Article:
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An Anything-Goes Tapestry: All Them Witches, February 15 at Rozz-Tox PDF Print E-mail
Feature Stories
Written by Jeff Ignatius   
Friday, 06 February 2015 05:54

All Them Witches hails from Nashville, and the combination of name and hometown gives you a pretty good sense of a split personality. The moniker hints at a band in thrall to Black Sabbath, and the Tennessee city hints at something Southern – although its debts are to blues and Southern rock and not in any way country. (Bassist/singer Michael Parks Jr. noted, however: “We have been known to just pop up on the street somewhere during tour playing bluegrass on the street.”)

But when the band returns to Rozz-Tox on February 15, it will be apparent that the quartet is far more expansive than that would suggest. All Them Witches embraces not just blues-based music but the blues themselves, particularly on “The Marriage of Coyote Woman” from its most recent album, Lightning at the Door. The elemental riffs of Ben McLeod have the heaviness of Sabbath’s Tommy Iommi but also the razor-sharp lyricism of Queens of the Stone Age’s Joshua Homme.

And, most importantly, there’s an experimental psychedelic core, a grounding in improvisation that allows each person in the band to bring a distinct personality to tracks that might go anywhere – including, to cite just one example, throat singing in the folk-ish and completely un-metal “Romany Dagger.”

And that anything-goes quality is the reason I was curious about this comment I read from drummer Robby Staebler: “As individual players we are more concerned and focused on our own playing. We are not focused on what the others are playing. We all do what we want. It’s why it works.”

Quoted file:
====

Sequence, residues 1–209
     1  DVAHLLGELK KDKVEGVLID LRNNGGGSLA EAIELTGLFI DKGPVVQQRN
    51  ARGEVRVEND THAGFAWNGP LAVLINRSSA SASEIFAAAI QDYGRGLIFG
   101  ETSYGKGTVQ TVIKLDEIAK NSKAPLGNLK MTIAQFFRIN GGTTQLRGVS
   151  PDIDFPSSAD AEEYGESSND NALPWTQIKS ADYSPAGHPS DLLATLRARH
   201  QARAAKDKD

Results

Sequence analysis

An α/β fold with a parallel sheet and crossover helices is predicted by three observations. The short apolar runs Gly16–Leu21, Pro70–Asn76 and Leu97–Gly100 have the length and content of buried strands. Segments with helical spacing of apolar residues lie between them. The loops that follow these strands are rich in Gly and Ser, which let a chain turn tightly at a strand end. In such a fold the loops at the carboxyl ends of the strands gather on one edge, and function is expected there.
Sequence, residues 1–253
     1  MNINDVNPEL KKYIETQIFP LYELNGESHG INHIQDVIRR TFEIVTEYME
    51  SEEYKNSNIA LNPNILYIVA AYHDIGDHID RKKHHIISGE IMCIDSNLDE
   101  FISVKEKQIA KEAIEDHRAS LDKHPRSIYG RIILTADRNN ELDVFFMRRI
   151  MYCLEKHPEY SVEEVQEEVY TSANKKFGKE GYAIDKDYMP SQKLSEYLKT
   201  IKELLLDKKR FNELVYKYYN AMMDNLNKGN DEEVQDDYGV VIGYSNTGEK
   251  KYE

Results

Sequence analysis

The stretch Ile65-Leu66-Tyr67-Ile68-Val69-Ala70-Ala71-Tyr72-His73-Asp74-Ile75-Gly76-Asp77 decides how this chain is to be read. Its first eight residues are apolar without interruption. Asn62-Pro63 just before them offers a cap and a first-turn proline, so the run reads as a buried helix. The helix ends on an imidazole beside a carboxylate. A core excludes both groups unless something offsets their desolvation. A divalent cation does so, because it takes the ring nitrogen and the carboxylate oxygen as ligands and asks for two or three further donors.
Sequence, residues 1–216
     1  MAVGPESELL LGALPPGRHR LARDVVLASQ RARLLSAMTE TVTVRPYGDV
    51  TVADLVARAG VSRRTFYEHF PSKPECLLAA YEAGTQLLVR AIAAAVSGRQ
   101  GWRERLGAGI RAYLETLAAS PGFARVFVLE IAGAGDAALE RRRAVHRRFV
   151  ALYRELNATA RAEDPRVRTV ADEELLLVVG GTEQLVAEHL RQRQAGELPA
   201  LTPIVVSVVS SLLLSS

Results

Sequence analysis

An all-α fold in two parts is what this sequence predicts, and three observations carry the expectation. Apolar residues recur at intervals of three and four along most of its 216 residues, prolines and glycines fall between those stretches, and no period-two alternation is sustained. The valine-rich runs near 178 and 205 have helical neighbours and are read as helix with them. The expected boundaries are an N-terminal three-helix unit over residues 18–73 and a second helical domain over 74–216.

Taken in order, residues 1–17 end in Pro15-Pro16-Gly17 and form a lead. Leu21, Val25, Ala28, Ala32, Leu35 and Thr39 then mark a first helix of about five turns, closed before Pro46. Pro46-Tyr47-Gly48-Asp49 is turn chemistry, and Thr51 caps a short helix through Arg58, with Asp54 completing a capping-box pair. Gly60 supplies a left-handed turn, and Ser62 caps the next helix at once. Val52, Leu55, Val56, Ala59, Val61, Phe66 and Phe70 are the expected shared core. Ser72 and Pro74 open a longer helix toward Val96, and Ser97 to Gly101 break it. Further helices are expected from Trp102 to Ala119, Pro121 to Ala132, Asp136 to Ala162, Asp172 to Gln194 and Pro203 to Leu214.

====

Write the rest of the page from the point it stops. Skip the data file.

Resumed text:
Roots Seller: The Musical Journey of Area Icon Ellis Kell PDF Print E-mail
Feature Stories
Written by Mike Schulz   
Monday, 02 February 2015 06:00

(For a sidebar on Ellis Kell’s efforts in music education and community programming, click here.)

Ellis KellWhat can you say about Ellis Kell? Better question: What can you not?

He’s the director of programming and community outreach for Davenport’s River Music Experience, and barring a six-month 2006-7 hiatus, has been employed by the venue since November 2003 – seven months before it opened its doors to the public.

He’s an area legend among blues and roots musicians and fans – a 35-year veteran of solo and ensemble gigs who’s an accomplished singer/songwriter, guitarist, and pianist (if, as he admits, maybe not the best trumpet player).

He’s spent a remarkable quarter-century serving as bandleader and performer for The Ellis Kell Band, which has shared stages with, and opened for, the likes of Robert Cray, REO Speedwagon, Willie Nelson, Etta James, Little Feat, Johnny and Edgar Winter, and B.B. King – the latter of whom hugged Kell, on stage, during a 2008 Adler Theatre concert. (The Ellis Kell Band will celebrate its 25-year venerability and versatility in a February 6 concert at the River Music Experience’s Redstone Room.)

And he is, by common agreement, one of the most engaging, and engaged, storytellers you’ll ever hope to encounter, whether speaking at the RME or appearing in a special event at an area library ... or just sitting at a table, quietly recounting stories for an audience of one.

So why say anything about Ellis Kell when, in describing his road to local iconography, he can do it for me?

 
Invigorating Isolation: A 2014 Album PDF Print E-mail
Feature Stories
Written by Jeff Ignatius   
Tuesday, 23 December 2014 09:36

For the past eight years, I’ve compiled a year-end album of favorite songs released in the 12 preceding months, with no artists repeating from previous years. I’ve done it again.

Beyond the artists presented here, my favorite album was O’Death’s Out of Hands We Go – which, if not quite as consistently great as the band’s 2011 record Outside, is a stunning accomplishment – a warbling, adventurous, authentic backwoods blend of introspection and primal emotion putting bluegrass instrumentation through the aesthetic amp of folk, punk, lo-fi, and indie rock. The band’s “Vacant Moan” is probably my favorite song of the past decade (it was on my 2008 album), and since then O’Death has largely abandoned thrashing furor in favor of a more measured sound that finds its power in places other than speed and volume.